SOUTH FORK ─ Today, Governor John Hickenlooper signed the bipartisan 2012 Water Projects Bill at the Rio Grande Club in South Fork, Colorado. Senate Bill 2, sponsored by Senator Gail Schwartz (D-Snowmass), allocates funding for the construction of water projects across the state and maintenance of the state’s water infrastructure. In addition to supporting and maintaining Colorado vital water resources, it will also stimulate local economies and foster job creation.
Senator Schwartz offered the following comment on The 2012 Water Projects Bill today:
“The water projects funded in this legislation are critical for managing and protecting our water resources. The jobs created by these infrastructure projects will also provide a needed economic boost for communities in the San Luis Valley where these projects are the result of important state and local cooperation. This legislation is absolutely vital to the state's ability to address and cope with the severe drought conditions we are facing. Now more than ever it is imperative that we appreciate water as the lifeblood of Colorado. I thank the Governor for ensuring that this bill was passed by the legislature and signing it into law today.”
This legislation was one of the bills killed in the House in the final days of the regular legislative session. The Governor called the legislature back into special session to consider Senate Bill 2 to fund these vital water projects which allocate $55 million for reservoir projects, as well as more than $6 million for watershed protection, flood and drought control programs and other necessary water projects across the state.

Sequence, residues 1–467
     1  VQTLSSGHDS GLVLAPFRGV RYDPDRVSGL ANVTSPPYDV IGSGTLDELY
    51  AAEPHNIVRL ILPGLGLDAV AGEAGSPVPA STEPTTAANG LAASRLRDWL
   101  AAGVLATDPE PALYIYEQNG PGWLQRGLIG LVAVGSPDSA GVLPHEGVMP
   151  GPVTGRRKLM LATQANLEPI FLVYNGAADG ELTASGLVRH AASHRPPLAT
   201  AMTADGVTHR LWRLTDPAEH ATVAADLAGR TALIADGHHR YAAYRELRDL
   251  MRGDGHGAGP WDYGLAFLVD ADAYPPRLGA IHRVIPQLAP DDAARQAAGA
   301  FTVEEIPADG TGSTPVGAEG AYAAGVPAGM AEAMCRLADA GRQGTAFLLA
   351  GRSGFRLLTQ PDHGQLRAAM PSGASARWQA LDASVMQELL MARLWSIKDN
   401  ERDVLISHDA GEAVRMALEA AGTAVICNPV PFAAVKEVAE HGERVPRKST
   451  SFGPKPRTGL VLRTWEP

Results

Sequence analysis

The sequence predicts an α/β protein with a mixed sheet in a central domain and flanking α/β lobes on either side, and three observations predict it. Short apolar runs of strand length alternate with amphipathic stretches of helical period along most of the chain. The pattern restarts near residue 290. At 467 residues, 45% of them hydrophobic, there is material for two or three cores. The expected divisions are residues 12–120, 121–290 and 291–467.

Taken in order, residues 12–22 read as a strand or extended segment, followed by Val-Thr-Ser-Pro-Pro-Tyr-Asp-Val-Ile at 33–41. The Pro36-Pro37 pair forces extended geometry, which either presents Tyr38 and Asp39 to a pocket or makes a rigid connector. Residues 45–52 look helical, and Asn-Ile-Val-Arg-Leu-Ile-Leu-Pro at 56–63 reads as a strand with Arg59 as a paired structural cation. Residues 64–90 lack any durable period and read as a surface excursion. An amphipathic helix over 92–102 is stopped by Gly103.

The General Assembly annually authorizes grants and loans for water projects. The 2012 Water Projects Bill appropriates grants and loans from the Colorado Water Conservation Board Construction Fund and loans from the State Severance Tax Trust Fund Perpetual Base Account for specific water-related projects over two years. These water projects will ensure Colorado has clean drinking water, assist communities in planning for flooding, refresh flood response funds, gather new data on water consumption and water rights, and rehabilitates reservoirs and recreation areas.
The Colorado Water Conservation Board Construction Fund was created in 1971 to provide low-interest loans for water projects. The Severance Tax Trust Fund Perpetual Base Account was established in 1997 to provide low interest loans to municipalities, water districts, and agriculture users for water infrastructure projects.